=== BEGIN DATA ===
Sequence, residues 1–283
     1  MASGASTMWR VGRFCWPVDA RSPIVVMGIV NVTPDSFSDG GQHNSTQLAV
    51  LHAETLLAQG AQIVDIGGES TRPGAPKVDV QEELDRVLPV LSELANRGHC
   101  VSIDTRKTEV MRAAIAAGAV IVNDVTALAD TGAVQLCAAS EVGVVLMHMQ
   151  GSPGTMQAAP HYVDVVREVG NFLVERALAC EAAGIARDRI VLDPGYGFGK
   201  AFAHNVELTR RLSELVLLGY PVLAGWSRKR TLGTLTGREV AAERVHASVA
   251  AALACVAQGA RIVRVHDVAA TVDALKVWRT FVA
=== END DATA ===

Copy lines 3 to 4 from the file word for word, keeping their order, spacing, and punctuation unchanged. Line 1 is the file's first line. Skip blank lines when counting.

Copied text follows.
    51  LHAETLLAQG AQIVDIGGES TRPGAPKVDV QEELDRVLPV LSELANRGHC
   101  VSIDTRKTEV MRAAIAAGAV IVNDVTALAD TGAVQLCAAS EVGVVLMHMQ